Demanding to be first in the water line

I was asked to write a bit more about how the House water bill gives “Special water breaks” to certain water “self-suppliers.” The details are buried deep within the 87-page bill and  are designed almost entirely to benefit agricultural users (without saying so). How do these special favors for agriculture work? A key example is a revolution in the statute’s definition of “water resource development.” It adds “self-suppliers” to those eligible for government assistance:

(24) “Water resource development” means the formulation and implementation of regional water resource management strategies, including the collection and evaluation of surface water and groundwater data; structural and nonstructural to protect and manage water resources; the development of regional water resource implementation programs; the construction, operation, and maintenance of major public works facilities to provide for flood control, surface and underground water storage, and groundwater recharge augmentation; and related technical assistance to local governments, and to government-owned and privately owned water utilities, and self-suppliers.

That same “self-supplier” term is added elsewhere to put this category of users at the head of the line:

(b) The governing board of a water management district shall give priority consideration to the identification of preferred water supply sources for self-suppliers for which access to or development of new water supplies is not technically or financially feasible. (p. 14)

Other major changes makes “self-suppliers” eligible for direct financial assistance:

373.707 Alternative water supply development.—
(3) The primary roles of the water management districts in water resource development as it relates to supporting alternative water supply development are:
(f) The provision of technical and financial assistance to local governments, self-suppliers, and publicly owned and privately owned water utilities for alternative water supply projects.

(e) Applicants for projects that may receive funding assistance pursuant to the Water Protection and Sustainability Program or receive other state funding shall, at a minimum, be required to pay 60 percent of the project’s construction costs. The water management districts may, at their discretion, totally or partially waive this requirement for projects sponsored by:

1. Financially disadvantaged small local governments as defined in former s. 403.885(5); or 

2. Self-suppliers for projects determined by a water management district governing board to be in the public interest pursuant to paragraph (1)(f), if the projects are not otherwise financially feasible. (p. 72)

Quite a set of new special privileges. But why give these special breaks to agricultural businesses at all? Agricultural activities already benefit from enormous property tax breaks. According to the Florida Department of Revenue 2014 Data Book, agricultural land is taxed at only 9% of its “just value”:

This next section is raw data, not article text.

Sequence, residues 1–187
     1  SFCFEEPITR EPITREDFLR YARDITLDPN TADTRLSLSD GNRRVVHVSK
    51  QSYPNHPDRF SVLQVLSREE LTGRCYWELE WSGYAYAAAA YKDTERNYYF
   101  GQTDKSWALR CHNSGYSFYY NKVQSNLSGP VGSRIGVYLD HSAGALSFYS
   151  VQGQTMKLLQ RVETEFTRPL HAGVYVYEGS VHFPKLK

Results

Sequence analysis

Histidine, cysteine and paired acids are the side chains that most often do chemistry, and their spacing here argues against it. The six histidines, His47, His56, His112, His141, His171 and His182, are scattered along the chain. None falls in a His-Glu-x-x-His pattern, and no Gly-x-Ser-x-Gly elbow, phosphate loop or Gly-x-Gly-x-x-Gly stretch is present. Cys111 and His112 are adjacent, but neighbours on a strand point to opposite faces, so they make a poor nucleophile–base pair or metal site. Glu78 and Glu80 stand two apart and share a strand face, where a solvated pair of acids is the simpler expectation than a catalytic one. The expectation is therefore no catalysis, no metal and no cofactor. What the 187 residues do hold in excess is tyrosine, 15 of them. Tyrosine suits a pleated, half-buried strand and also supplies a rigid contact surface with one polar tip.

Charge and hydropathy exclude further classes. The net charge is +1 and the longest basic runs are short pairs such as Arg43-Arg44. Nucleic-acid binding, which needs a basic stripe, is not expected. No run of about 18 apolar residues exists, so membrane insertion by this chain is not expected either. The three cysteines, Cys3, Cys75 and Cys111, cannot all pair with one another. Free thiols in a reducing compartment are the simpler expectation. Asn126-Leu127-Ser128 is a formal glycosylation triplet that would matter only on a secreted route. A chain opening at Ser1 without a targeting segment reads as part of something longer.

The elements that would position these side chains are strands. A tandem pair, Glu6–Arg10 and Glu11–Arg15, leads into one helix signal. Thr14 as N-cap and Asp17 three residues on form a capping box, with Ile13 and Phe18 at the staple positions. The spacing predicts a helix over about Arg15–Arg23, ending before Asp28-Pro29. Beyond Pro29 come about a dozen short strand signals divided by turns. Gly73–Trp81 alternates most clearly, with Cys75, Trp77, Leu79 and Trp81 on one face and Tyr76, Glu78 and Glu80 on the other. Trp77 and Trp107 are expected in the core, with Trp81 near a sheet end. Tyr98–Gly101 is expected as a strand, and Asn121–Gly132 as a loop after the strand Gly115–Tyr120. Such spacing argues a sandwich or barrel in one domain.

2014 Ag just value

In some counties, like Broward, Duval, Marion, Orange, Sarasota, and Seminole, assessed values for agricultural land are held down to less than 5% of just value. What a deal! Should a business that pays hardly any property taxes also get preferred or subsidized access to water?

Comments

Demanding to be first in the water line — 3 Comments

  1. What happen to all people treated the same in the eyes of the law? If you are already getting reduced fees/taxation in one area then you should not be allowed to have multiple benefits/subsidies. With the state taking over more lands for conservation that means less monies in the general fund for running the state government. With so much state support for so many things it is a wonder how anything gets done. More & more state tax dollars

  2. Best legislature money can buy….Amazing how we voters don’t just throw each elected official out of office after one term until someone gets the message,, ” If you don’t represent and work for the benefit of the State and its citizens as a whole ( instead of the big bucks that paid for your campaign), you won’t be there next term”. May take a few years but, it would work. Of course, that would mean the citizens would have to educate themselves ( not thru talking heads) on the issues and voting records and then vote for person, not party. Hmm..Pollyanna at work here…politicos are no doubt safe . Citizens get what they vote for. A non vote is a vote to accept whatever happens but, please don’t complain.

  3. What can the average person,who loves our state, do to get the attention of the legislators? They have money waved in their faces & it’s hard to recognize what is happening to our state & it’s economy. If we do away with our water resources or let them deteriorate we won’t have an economy. No tourists, no agriculture, no cattle or citrus. Has anyone looked at what’s happening in California now? Some areas have been in a drought for 14 years! Do we want that for Florida? Wake up
    legislators!